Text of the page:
The Berkman Center’s Internet Law (iLaw) program has been one of our flagship teaching efforts, initiated in 2000 as a means to offer the public a way to learn about the essential legal, economic, and public interest debates surrounding the Internet and new technologies. Since its inception, and across gatherings in Cambridge, Palo Alto, Mexico City, Tallinn, Turin, and Rio, the iLaw program has enabled participants to consider the legal and policy environment that governs online activity, to examine the Net’s changing technological character, to explore the implications of Internet policy and legal reforms, and to identify how these reforms affect the public interest. The last iLaw was held in 2006. [Website for iLaw 2000-2006.]
We are launching the next iteration of iLaw as an intensive, week-long Harvard Law School program and course just prior to the beginning of 2L and 3L classes at HLS. iLaw 2011 will bring Berkman faculty members together with colleagues from the Engineering School’s Center for Research and Computation and Society and others from around the University to engage in a collaborative teaching effort, aimed at defining the current state of play of the cyberlaw field, broadly defined, and developing an associated curriculum. In addition to HLS students, a select number of professionals, practitioners, entrepreneurs, lawyers, and others will be invited to exchange ideas about current debates, difficult questions, and emerging issues in the Internet space. Students will develop a foundational knowledge of the cyberlaw field, including recent scholarship and new activities in legal, policy, and regulatory environments.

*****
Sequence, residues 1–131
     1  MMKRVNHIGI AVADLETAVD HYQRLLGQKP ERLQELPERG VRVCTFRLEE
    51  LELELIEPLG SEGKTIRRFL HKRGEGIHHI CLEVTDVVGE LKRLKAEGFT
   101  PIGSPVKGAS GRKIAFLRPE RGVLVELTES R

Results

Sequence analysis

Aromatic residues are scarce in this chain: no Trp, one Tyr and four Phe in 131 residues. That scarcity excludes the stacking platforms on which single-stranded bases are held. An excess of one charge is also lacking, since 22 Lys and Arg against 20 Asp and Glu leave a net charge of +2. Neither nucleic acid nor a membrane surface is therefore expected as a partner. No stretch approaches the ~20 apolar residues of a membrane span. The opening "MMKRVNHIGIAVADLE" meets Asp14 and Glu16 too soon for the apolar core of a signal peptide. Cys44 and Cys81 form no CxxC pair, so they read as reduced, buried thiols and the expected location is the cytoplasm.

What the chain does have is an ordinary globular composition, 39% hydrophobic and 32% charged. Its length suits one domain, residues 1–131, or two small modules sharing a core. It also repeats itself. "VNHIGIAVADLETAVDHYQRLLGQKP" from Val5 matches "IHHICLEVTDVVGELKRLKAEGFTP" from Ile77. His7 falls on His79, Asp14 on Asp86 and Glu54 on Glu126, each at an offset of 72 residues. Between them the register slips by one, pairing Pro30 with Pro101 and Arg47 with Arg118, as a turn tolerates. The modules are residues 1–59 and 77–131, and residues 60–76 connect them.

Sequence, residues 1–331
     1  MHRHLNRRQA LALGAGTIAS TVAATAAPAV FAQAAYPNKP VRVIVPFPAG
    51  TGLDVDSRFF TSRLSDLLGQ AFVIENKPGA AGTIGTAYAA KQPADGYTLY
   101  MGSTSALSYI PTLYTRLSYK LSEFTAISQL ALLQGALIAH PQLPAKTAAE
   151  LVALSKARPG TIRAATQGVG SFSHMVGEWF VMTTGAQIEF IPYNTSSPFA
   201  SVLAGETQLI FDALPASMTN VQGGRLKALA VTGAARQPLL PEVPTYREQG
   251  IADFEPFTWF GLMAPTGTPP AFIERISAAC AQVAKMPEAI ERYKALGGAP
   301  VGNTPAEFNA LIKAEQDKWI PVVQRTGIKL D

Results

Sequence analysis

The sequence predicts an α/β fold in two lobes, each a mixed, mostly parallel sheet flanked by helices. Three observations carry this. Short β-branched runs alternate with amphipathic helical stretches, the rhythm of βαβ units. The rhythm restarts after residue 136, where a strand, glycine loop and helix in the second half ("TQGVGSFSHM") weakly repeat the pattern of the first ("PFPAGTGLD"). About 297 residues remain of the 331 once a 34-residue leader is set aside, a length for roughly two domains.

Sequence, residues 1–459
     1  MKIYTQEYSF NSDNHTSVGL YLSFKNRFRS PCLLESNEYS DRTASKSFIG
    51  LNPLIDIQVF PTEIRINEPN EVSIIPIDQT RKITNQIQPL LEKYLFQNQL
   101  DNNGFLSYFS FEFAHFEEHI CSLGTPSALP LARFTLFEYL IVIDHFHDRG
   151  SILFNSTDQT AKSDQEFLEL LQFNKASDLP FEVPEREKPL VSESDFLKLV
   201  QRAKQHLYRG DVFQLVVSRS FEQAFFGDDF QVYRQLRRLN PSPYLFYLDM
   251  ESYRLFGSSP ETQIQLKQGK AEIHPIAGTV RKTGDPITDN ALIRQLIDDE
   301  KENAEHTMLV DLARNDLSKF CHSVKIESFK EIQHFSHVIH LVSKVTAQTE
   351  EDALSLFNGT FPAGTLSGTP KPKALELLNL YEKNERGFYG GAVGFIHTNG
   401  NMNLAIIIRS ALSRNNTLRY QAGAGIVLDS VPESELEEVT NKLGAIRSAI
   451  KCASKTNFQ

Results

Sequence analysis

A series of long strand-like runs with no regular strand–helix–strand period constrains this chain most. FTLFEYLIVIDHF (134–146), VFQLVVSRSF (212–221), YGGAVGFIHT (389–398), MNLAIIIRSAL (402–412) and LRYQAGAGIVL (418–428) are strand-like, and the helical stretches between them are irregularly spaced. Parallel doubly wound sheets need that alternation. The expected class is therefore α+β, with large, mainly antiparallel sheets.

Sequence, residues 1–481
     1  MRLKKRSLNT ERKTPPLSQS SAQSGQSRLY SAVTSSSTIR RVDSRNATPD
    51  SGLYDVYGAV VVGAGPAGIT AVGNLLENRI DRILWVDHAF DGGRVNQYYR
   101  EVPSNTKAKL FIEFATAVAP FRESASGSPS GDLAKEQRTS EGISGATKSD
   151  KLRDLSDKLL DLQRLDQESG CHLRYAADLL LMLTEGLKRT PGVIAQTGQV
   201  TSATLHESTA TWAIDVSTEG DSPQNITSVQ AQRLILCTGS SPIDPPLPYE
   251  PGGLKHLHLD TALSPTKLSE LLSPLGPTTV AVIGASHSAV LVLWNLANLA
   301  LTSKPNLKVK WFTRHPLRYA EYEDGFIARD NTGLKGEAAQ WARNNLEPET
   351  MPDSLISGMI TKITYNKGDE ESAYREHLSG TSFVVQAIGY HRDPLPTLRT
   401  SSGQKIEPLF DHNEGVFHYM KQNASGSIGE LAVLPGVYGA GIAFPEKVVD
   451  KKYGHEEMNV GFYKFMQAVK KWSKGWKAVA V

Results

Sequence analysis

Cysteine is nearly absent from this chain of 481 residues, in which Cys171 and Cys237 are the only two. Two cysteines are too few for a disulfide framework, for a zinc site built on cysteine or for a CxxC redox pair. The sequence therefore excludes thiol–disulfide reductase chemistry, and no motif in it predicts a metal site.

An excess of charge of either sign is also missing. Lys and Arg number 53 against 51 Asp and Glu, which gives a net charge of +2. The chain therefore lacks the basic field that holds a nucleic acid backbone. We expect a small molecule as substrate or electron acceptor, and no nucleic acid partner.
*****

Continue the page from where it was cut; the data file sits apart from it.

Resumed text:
Since the last iLaw conference was held nearly five years ago, in Lima, Peru, the field of ‘cyberlaw’ has expanded and evolved. Relevant issues emerge on an almost daily basis. For example, the advent of cloud computing or the role of new technologies in recent protests in North Africa and the Middle East, growing Internet usage trends or increased efforts by governments to control the online space. The legal and regulatory issues that govern new technologies, alongside the actors who provide them and the users who engage with them, have put many Net issues at the center of global policy debates.
These and other developments have impacted our understanding of basic legal, normative, and policy doctrines and foundational approaches to the study of cyberlaw. Concepts such as privacy, property, speech and governance have evolved. iLaw 2011 will be a unique opportunity to reexamine these areas of inquiry and core questions, while engaging with the new and emerging issues and thorny debates that are constantly reshaping the field.
As a University-wide center, the Berkman Center is uniquely positioned to convene a wide variety of academics from across the Harvard community, as well as from other institutions who are working on these issues. The program will provide a venue for the sharing academic research and interdisciplinary scholarship, while ensuring that diverse tools, research methodologies and disciplines are incorporated in the program.
The central aim is to convene Harvard Law and Harvard University faculty members and students, along with practitioners and technologists, to reignite the sharing of cyberlaw scholarship and offer a rigorous, fully fledged HLS survey course and program on cyberlaw topics.
For more information about iLaw 2011, please visit the iLaw 2011 wiki.